14. creede


    18 months is up... Info on kit here. http://www.massivebrakes.com/brake-systems.php?p=2002_front_300
  15. Looking for a clean dual drivers side, left front set of brake lines off a Tii. Changing over to TII booster for Alpina Filter. Wanted to see if any are available before attempting to make a set. Thanks Girt 215-530-5000 girt1@verizon.net
  16. I'm sure this topic has come up before, but I wanted to get the most current inputs that people may have. I just got my '73 tii back from a full driveline rebuild, and could not be happier with the performance and quality of work. Unfortunately however, my brakes are clearly showing their age as they almost failed completely on my second day driving the car yesterday. I had planned on troubleshooting that problem and doing a normal full brake job as I'm sure the pads, drums, wheel cylinders, etc, are all in need of service and/or replacement. But then I got to thinking that for the amount of work effectively rebuild the whole existing system, I may want to go ahead and do an upgrade of the brakes now, which I had planned to get to eventually anyway. So, my questions for the group are: 1. What are the typical brake upgrades/kits that have people done sucessfully? 2. How much did you pay for your parts/kits, and where did you buy them? 3. How much better are they than stock (especially for any tii owners)? 4. Anything critical to know, or to avoid when upgrading? Any inputs are welcome and much appreciated. I'm just trying to get an idea of what some of the best options are out there. Thanks, Crash
  17. In the shop now trying to bleed completely dry system. We bench primed master but really tough to move to car and install and connect lines But we got it in and started pass rear the old fashioned way. But after 100 or so pumps... not a drip or air hiss And the full resevoir is not dropping much, maybe quarter inch. And even when crack a line at the master we don’t get hardly any dripping My first time and my brother is amazed at 5 lines and remote resevoir on these cars whats going in?? I will search but sending out this plea 😳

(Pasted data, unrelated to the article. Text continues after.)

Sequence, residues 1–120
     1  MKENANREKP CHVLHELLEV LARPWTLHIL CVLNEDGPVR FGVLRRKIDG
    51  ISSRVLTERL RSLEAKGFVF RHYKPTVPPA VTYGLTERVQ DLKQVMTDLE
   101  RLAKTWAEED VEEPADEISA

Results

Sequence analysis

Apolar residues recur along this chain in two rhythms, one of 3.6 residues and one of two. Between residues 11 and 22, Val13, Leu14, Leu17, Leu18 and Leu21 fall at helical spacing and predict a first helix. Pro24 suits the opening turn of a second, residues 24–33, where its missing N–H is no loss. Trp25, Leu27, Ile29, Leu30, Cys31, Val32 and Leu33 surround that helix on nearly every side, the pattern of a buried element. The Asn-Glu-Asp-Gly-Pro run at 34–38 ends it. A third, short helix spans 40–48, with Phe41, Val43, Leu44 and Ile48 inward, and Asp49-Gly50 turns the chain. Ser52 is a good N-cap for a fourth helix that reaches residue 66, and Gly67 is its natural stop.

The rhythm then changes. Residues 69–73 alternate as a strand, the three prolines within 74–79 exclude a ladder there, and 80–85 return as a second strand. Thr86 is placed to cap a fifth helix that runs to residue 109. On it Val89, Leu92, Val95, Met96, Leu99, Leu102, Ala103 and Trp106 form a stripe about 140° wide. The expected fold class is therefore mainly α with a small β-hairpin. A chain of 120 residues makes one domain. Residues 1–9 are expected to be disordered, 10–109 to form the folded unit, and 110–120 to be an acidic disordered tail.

18. I wanted to let you all know about a few new reproduction parts that we have available. Let's start off with these 2002tii/2002ti brake discs. We had these rotors manufactured from high carbon steel and treated with an anti rust coating to prevent corrosion. These are very high quality reproductions that have been professionally tested and quality controlled. We have over 100 sets available, $150 plus shipping per set for FAQ members. Please email us as Sales@VintageAutobahn.com with questions or to place an order.
  19. Is the stock e-brake handle the correct leverage ratio for E21 brakes? The rear brake components all appear fairly new but when I pull my e-brake handle there is not a gradual feeling of it cinching up. The handle pulls fairly free until it stops more abruptly than any e-brake I have used and the real problem is it's not holding the car.
  20. This is what's behind the front wheels of a 76 I recently bought. Guessing E21 rotors and Volvo 240 calipers?
  21. Quick praise for Bel-Metric as a source for hard lines that fit the 2002. I stupidly tried to re-use my original lines, and had a leak (duh!!) so I started looking at parts shops. Typically available in 30" and 20"... too long and too short. Then I tried Maximillian and BMW stock is $30/ea for the two short hard lines in the rear.. plus outrageous shipping. But after some digging, found this place and they offer our 2002 lines/fittings/etc in many lengths, including the EXACT 22" (544mm) needed for the rears. Less than $10 each, dirt cheap shipping and they arrived in 4 days. They also have tons of fasteners and other great geeky stuff for our babies! Happy Thanksgiving weekend.... Randy PS - Yes, I could have bought the 30" from OReilly, clipped it and re-flanged it.. and that is a skill I need to learn, but don't want to trust brakes on a brand new skill
  22. Not sure how significant this is, but cool to see Porsche brakes on a Tii strut. The website is in Swedish so I may not have all the facts straight. But looks as described + maybe a 323 vented rotor?
  23. I'm working to refresh my front brakes, and I know the PO has done some upgrade to the car like a 5spd, Tii brake booster. I tore into the brakes and I want to make sure I buy the right parts, can you help identify what calipers & rotors these may be? The hubs are 4 stud, and the rotors are vented, the calipers are 2 piston, here are some pics https://photos.app.goo.gl/hA47ZndzjO7cotIw2
  24. Well now I've done it. I was celebrating the success of installing the new rear brakes and finally got to adjusting the E Brake as my last step. One side would tighten but the other side wouldn't. Zero movement of the cable inside the driver's side brake. As is my want I thought maybe if I got the E Brake handle off I could squirt some PB in the sleeves to help free up the cable that's frozen, of course without checking FAQ and discovering what a pain it is to get the E Brake handle back on. Big mistake. But I've searched and seem to have found the thread to do this and will tackle that tomorrow. Not looking forward to that. Why do I do these things? : ( Anyway, before I do, is there a way to try to get that cable free or should I just live with one side working? Any tips will be appreciated. Thanks Nick